Brief: 

This semester-long project is split into two part: the first part was a studio project, in conjunction with the Maritime Port Authority (MPA), to do a masterplan of the ‘third finger’ of the proposed Tuas port. The second part was an individual project to design a building as part of the masterplan where the students were free to design their brief. 


Part I

Singapore’s rising land value has chased the Port of Singapore – currently situated on prime land – to the ‘end of Singapore’ at Tuas, a land that is still in the midst of reclamation; a man-made tabular rasa. 

According to the Foreshore Act, any form of development of the coastline should be reserved for public access and use. This rebuild of the port is an opportunity to create a public spectacle, one where nature in the form of mangroves entwines with the machine-esque image of the port operations. 

So as to not compromise the land required by the port authority, the original port organisation was questioned and redesigned to compact the operations. The resulting excess space is to allow mangroves to grow and thrive, juxtaposed against the landscape of machines. 

To balance between both public accessibility and the strict off-limits imposed by the port activities, an elevated megastructure rises above the gantries and the containers. The infrastructure consists of a three-layer space frame supported by circulation cores placed at intervals. Roads and the Light Rapid Train (LRT) system runs through it, and buildings and spaces can be injected into the space frame and be part of the spectacular landscape. 


Part II

This project is a critique of the campus life of Singapore’s universities. Students are still largely treated like juveniles with restrictive campus laws. This sanitised environment is detrimental to students’ experimentation and freedom of expression. 

In bid to make sense of the site’s detachment from the mainland and the infrastructure’s detachment from the ground, a liberal art college is proposed where an alternative ‘beer pong’ campus life with unrestricted freedom is advocated. 

This project uses the element of the wall. Fundamentally, the wall is meant to enclose and define a space; the establishment of an ‘inside’ and an ‘outside’. 

Inhabitable walls surround the entire campus, shielding the campus activities from the public eye – and hence, scrutiny – giving the students the freedom to be chaotic. The elevation of the structure allows for the inner college spaces to be ‘dropped down’ and be freed from the claustrophobic grip of the enclosing walls, whilst retaining the privacy.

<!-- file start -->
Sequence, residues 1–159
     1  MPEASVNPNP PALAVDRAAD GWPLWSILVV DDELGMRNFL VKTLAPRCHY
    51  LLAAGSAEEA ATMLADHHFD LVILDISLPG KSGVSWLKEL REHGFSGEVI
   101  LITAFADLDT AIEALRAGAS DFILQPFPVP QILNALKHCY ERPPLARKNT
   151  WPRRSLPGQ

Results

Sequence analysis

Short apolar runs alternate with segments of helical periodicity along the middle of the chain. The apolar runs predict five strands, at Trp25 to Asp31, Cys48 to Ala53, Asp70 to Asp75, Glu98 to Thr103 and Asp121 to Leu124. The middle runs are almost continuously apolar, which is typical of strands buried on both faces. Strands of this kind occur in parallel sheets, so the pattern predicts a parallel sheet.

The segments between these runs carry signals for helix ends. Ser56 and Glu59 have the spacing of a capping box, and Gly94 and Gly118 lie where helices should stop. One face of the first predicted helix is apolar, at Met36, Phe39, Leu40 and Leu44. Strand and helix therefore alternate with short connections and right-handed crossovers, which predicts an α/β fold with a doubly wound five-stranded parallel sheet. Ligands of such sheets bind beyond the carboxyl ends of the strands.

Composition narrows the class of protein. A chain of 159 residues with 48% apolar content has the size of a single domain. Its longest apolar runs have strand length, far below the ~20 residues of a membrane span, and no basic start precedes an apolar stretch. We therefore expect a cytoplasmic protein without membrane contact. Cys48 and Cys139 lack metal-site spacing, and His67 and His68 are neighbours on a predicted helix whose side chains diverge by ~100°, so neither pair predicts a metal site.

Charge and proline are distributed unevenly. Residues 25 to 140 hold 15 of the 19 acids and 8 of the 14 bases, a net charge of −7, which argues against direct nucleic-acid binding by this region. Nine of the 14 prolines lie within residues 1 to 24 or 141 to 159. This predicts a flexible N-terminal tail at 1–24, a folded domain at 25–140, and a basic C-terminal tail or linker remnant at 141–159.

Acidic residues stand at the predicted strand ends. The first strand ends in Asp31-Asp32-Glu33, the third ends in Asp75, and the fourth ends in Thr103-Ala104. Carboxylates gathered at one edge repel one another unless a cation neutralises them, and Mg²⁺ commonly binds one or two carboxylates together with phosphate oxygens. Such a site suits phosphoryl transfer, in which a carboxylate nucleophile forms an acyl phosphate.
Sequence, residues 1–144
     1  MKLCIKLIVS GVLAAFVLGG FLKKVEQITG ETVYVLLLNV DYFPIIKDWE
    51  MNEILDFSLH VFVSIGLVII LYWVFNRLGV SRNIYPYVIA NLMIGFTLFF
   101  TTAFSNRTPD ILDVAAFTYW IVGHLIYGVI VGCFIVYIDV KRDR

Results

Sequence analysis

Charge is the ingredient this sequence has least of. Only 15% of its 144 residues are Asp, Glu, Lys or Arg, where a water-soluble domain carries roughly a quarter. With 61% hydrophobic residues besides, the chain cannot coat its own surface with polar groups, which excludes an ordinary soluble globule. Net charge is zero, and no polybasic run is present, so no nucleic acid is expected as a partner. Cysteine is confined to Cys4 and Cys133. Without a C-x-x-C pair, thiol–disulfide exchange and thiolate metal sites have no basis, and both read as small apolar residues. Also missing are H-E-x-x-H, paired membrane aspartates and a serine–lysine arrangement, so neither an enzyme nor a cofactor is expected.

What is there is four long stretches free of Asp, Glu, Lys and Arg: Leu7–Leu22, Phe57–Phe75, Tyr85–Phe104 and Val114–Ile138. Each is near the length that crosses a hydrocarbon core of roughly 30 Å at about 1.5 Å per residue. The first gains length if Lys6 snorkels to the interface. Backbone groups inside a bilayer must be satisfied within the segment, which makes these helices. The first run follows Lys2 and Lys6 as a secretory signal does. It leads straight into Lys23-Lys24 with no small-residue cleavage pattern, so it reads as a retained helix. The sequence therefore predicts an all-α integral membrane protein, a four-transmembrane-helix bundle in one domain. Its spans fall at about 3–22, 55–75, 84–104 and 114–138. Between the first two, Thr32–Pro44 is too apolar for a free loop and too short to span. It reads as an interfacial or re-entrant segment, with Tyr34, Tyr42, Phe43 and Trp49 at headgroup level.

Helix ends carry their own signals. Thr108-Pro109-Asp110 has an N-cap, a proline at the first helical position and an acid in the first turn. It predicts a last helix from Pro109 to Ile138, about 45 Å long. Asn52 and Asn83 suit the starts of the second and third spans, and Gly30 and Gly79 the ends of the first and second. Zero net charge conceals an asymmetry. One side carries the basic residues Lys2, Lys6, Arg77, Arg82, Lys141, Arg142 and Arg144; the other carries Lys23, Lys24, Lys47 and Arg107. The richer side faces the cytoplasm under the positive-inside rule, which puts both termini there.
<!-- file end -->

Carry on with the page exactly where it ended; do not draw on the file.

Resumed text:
This project is an experiment in an extremely different campus life. One where absolute freedom reigns; an underground campus, where love, experimentation, drugs, learning, sex, exploration, alcohol, open-mindedness serve as petri-dishes for the cultivation of the next generation of Singaporeans.

Brief: 

This semester-long project is split into two part: the first part was a studio project, in conjunction with the Maritime Port Authority (MPA), to do a masterplan of the ‘third finger’ of the proposed Tuas port. The second part was an individual project to design a building as part of the masterplan where the students were free to design their brief. 


Part I

Singapore’s rising land value has chased the Port of Singapore – currently situated on prime land – to the ‘end of Singapore’ at Tuas, a land that is still in the midst of reclamation; a man-made tabular rasa. 

According to the Foreshore Act, any form of development of the coastline should be reserved for public access and use. This rebuild of the port is an opportunity to create a public spectacle, one where nature in the form of mangroves entwines with the machine-esque image of the port operations. 

So as to not compromise the land required by the port authority, the original port organisation was questioned and redesigned to compact the operations. The resulting excess space is to allow mangroves to grow and thrive, juxtaposed against the landscape of machines. 

To balance between both public accessibility and the strict off-limits imposed by the port activities, an elevated megastructure rises above the gantries and the containers. The infrastructure consists of a three-layer space frame supported by circulation cores placed at intervals. Roads and the Light Rapid Train (LRT) system runs through it, and buildings and spaces can be injected into the space frame and be part of the spectacular landscape. 


Part II

This project is a critique of the campus life of Singapore’s universities. Students are still largely treated like juveniles with restrictive campus laws. This sanitised environment is detrimental to students’ experimentation and freedom of expression. 

In bid to make sense of the site’s detachment from the mainland and the infrastructure’s detachment from the ground, a liberal art college is proposed where an alternative ‘beer pong’ campus life with unrestricted freedom is advocated. 

This project uses the element of the wall. Fundamentally, the wall is meant to enclose and define a space; the establishment of an ‘inside’ and an ‘outside’. 

Inhabitable walls surround the entire campus, shielding the campus activities from the public eye – and hence, scrutiny – giving the students the freedom to be chaotic. The elevation of the structure allows for the inner college spaces to be ‘dropped down’ and be freed from the claustrophobic grip of the enclosing walls, whilst retaining the privacy. 

This project is an experiment in an extremely different campus life. One where absolute freedom reigns; an underground campus, where love, experimentation, drugs, learning, sex, exploration, alcohol, open-mindedness serve as petri-dishes for the cultivation of the next generation of Singaporeans.